By: Mark Richman, Principal Product Manager, Cloud Platform, iManage
Recently, the UK government unveiled plans to change data protection and privacy laws, with the aim of forging its own business relationships following Brexit. Now, a new series of “data adequacy partnerships” will allow Britain to drive international trade with several countries and bodies. These initial steps signal future changes to the way the UK and other countries approach data protection and privacy.
For professional services organisations of all stripes, including law firms, this shifting regulatory landscape informs what type of cloud platforms they utilise within the organisation. That’s because their choice of cloud platform – whether for their document management system (DMS) or some other business-critical system – has a bearing on their overall flexibility as an organisation and their ability to operate across geographies while remaining in compliance with applicable data protection and privacy regulations.
To deliver this operational flexibility to firms, cloud vendors must have a flexible cloud architecture themselves. What does this look like in practice, and what advantages does it deliver?
Compliance and Performance – Not Compliance or Performance
A cloud vendor utilising a flexible and distributed architecture can help firms more effectively address several thorny problems that they have to navigate in ways that SaaS platforms based on an outmoded cloud architecture simply cannot.
For starters, to stay in the good graces of various privacy laws, it’s not enough to store content in the home region and make sure it physically resides on servers in that region. Firms must also ensure that that all data processing happens exclusively within that region.
The distinction between the two is important. Keeping data domiciled in a specific location doesn’t do much good if various functions that process that data – for instance, indexing, or optical character recognition, or AI-enabled automatic classification – copy or move the data to an entirely different region during processing.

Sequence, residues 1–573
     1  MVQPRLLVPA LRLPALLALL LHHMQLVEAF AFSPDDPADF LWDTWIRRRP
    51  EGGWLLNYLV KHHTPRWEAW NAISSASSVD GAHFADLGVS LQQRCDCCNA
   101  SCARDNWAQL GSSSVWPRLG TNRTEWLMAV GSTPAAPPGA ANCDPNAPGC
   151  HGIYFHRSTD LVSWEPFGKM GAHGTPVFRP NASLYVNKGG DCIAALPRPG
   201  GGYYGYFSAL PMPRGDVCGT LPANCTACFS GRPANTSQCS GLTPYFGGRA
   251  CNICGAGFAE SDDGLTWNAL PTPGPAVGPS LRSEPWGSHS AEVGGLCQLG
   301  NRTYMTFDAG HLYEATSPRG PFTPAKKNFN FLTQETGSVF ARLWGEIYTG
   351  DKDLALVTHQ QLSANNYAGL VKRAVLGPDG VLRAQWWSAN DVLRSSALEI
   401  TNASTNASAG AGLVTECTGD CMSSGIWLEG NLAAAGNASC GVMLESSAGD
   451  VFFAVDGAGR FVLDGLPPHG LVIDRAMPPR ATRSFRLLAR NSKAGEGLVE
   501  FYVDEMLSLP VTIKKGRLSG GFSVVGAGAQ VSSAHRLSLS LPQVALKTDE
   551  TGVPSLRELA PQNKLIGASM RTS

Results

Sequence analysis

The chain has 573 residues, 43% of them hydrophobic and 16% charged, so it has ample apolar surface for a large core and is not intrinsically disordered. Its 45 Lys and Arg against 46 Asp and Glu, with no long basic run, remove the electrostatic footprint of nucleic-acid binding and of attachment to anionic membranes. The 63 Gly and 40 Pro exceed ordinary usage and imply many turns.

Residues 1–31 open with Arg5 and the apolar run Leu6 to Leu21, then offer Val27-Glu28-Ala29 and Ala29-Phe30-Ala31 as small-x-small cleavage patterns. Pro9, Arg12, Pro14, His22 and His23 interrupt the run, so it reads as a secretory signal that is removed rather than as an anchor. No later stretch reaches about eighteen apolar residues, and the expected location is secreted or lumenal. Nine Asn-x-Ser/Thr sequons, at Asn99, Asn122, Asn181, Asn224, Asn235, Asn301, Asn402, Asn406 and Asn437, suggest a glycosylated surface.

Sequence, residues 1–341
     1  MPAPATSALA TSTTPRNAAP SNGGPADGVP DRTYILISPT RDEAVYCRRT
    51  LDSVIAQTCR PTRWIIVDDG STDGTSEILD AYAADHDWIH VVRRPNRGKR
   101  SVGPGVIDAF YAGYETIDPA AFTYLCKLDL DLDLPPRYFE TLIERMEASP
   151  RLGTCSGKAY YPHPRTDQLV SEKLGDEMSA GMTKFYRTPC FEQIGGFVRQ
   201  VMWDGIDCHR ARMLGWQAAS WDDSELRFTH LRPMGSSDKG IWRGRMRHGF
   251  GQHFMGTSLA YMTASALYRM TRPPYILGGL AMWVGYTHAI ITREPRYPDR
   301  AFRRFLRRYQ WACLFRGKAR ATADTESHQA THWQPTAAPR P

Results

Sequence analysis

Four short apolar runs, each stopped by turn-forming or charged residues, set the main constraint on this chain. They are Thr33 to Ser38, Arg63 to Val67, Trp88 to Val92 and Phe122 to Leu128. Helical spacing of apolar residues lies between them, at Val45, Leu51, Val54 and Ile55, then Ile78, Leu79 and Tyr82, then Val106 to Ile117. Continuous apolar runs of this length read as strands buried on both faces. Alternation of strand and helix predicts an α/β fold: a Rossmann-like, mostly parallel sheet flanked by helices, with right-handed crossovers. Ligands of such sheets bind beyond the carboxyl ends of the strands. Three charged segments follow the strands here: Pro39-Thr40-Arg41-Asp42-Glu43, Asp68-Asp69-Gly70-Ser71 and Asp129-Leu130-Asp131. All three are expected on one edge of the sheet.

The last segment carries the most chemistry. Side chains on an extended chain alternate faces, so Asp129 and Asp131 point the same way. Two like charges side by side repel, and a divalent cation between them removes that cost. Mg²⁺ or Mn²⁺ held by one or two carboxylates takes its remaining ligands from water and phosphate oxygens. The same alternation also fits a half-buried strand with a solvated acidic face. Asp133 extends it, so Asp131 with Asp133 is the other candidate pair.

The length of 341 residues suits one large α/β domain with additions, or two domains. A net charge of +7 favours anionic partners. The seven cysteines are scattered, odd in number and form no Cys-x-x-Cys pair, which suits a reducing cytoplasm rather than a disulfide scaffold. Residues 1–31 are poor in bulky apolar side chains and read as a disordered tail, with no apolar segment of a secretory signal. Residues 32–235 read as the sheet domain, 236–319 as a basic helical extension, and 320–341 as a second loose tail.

If a vendor cannot guarantee that the processing of that content is actually happening in the same region where the content is stored, that vendor does not have a true distributed architecture.
While firms are wrestling with these tricky data regulations, they also need to have their clouds operate from an end user’s perspective as if the content were not globally distributed. In other words, documents and important content need to be instantly accessible, with no excessive lag time, and without end users having to jump through any hoops to access regionally distributed content.
If a cloud vendor’s architecture is truly flexible and distributed, it will be able to respect privacy laws without any compromises from an end user perspective or from a performance perspective, putting a “global matter file” at users’ fingertips.
If a cloud vendor isn’t utilising a modern architecture that considers this use case, they might still be able to deliver the content on a regional basis, but they won’t be able to deliver on the performance front. Those inherent limitations will, in turn, limit the ability of the firm’s professionals to get work done on a daily basis as efficiently as they otherwise could.